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September Climate Protests & 350.Org


Hundreds of thousands will march at the United Nations September 21 when the UN opens its general assembly with a focus on averting catastrophic climate change. The rally may be the largest public outcry at the UN since the February 2003 rally against the Iraq War.

Where the 2003 protests at least succeeded in preventing the UN from authorizing the American invasion of Iraq, this movement demands that the UN achieve an enforceable treaty to save the planet from escalating greenhouse gas emissions. The treaty process will include another huge gathering in Lima this December, and rapidly unfolding talks to culminate in Paris one year later.

Will the climate change movement, and the public opinion it represents, become “a second superpower,” as the startled New York Times called the Iraq protests in 2003?

The driving force behind the New York events is the movement of young people led by 350.orgwhich has aroused many campuses, organized civil disobedience, pressured President Barack Obama, and focused increasingly on divestments from the fossil fuel industry. Hundreds of institutions are expected to announce their investments in September.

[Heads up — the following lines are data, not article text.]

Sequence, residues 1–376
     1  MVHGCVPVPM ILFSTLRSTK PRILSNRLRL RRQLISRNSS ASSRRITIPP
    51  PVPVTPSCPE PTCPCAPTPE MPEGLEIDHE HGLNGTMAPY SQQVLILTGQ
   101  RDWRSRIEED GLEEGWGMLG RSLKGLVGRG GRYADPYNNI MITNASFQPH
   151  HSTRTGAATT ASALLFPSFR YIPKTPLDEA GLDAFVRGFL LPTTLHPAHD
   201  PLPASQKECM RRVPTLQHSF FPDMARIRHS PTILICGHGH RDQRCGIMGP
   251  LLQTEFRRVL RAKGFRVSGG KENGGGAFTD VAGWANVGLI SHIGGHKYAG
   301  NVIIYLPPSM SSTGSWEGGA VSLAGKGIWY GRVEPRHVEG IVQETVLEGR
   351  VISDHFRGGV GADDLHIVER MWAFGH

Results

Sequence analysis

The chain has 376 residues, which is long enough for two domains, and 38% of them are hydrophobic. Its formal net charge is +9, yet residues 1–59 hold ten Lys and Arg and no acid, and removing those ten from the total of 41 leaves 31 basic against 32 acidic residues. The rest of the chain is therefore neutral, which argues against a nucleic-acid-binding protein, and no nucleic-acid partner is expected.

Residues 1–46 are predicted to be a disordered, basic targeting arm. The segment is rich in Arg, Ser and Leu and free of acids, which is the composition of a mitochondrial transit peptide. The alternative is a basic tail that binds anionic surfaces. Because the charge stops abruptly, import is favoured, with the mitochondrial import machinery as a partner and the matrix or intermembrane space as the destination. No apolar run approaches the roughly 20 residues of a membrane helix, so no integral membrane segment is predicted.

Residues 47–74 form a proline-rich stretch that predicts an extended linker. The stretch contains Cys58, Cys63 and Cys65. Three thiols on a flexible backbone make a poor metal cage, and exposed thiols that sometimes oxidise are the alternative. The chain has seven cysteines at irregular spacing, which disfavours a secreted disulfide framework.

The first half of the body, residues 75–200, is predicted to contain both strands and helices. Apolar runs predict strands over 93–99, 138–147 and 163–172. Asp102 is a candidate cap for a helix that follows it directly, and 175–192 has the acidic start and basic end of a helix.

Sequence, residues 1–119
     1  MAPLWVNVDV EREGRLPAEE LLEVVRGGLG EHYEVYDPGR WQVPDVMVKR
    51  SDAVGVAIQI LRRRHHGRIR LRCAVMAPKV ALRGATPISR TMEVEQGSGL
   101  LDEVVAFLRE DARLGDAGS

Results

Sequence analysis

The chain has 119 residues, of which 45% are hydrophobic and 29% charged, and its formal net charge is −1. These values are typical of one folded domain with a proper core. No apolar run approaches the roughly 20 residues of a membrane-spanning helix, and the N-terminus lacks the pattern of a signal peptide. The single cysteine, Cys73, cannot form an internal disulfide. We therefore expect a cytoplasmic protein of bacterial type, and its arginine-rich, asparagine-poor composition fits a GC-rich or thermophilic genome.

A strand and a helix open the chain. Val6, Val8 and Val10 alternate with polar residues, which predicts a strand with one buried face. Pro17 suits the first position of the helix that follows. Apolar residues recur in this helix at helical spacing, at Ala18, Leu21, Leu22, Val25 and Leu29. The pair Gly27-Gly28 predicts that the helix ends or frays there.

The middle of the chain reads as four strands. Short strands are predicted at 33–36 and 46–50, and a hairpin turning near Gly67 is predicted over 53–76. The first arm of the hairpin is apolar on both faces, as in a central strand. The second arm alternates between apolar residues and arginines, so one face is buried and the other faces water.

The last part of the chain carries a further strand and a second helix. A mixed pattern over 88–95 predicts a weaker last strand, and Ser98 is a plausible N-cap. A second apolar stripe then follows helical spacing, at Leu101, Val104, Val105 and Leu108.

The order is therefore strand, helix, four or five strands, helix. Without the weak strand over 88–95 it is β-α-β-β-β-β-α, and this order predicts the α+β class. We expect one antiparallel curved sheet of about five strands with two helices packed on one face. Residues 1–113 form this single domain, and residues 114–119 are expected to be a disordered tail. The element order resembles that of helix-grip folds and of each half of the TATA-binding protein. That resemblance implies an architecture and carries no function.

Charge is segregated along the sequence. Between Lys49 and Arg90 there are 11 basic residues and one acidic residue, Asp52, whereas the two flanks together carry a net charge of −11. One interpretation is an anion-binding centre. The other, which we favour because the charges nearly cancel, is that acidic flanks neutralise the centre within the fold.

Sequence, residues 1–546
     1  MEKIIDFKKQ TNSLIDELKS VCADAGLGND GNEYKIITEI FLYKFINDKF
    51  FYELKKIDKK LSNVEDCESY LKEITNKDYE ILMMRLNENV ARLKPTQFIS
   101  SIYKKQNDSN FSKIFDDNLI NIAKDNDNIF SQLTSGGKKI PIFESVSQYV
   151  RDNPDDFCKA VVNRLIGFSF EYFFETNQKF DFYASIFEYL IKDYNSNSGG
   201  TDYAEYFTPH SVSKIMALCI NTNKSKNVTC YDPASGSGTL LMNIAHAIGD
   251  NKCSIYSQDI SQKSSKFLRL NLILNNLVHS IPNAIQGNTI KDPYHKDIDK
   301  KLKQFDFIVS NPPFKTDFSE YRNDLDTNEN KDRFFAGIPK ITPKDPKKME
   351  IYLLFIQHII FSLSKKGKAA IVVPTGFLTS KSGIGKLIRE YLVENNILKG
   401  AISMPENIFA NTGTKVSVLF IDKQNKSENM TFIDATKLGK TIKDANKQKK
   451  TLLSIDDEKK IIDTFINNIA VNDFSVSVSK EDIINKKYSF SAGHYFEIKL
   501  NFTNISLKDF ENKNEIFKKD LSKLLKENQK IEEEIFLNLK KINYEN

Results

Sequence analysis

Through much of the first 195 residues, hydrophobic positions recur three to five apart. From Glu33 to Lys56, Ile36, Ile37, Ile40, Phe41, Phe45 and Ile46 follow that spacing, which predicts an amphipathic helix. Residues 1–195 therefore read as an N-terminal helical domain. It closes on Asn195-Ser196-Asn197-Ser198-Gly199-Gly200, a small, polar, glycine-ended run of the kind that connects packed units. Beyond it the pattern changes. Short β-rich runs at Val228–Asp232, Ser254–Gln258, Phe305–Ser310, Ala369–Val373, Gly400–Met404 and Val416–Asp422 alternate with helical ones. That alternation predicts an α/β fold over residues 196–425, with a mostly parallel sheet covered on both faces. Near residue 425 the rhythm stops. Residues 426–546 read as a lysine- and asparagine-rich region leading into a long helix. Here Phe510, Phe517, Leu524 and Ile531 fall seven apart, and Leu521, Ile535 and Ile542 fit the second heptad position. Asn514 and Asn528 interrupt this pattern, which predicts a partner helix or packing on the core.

Former Vice President Al Gore is among those expressing cautious optimism that the treaty goal will be reached (Rolling Stone, June 18). Since Gore’s 2000 loss of the presidency at the hands of the Electoral College and Supreme Court, coal interests and climate-deniers have dominated the federal government. The present US team, led by President Obama, Secretary of State John Kerry, and White House adviser John Podesta, is definitely committed to achieving a climate change legacy. Obama has signaled that he will attend the September UN proceedings, and has issued new regulations that threaten to shut down new and even existing coal-fired plants. That White House commitment has increased the interest from other polluting nations, especially China, to engage in the process by showcasing their own proposals for emissions reductions.

With House action blocked, much depends on local and state efforts to create credible models Obama can present to the world. Leadership on that front often comes from California, and Governor Jerry Brown is expected to offer a green state model during the New York events. Brown is contemplating announcing a significant acceleration of the percentage of renewables in California’s energy portfolio by 2030, on the way to a fully “decarbonized” economy in the next generation. If California’s one remaining nuclear plant is phased out in the next five years, the state will be a model of an advanced economy fully powered on clean energy resources. California has led in green energy diplomacy as well, joining in low-carbon pacts with multiple states across the US and Canada, Germany, China, and most recently, Mexico. This emerging “green bloc” could become the vanguard of the global treaty process.

The international context underscores the significance of environmental justice in confronting the climate crisis, since the burdens of pollution and poverty fall most heavily on the world’s poor and working class majority who cannot afford a clean energy transition without a green parallel to the New Deal or Marshall Plan of past decades.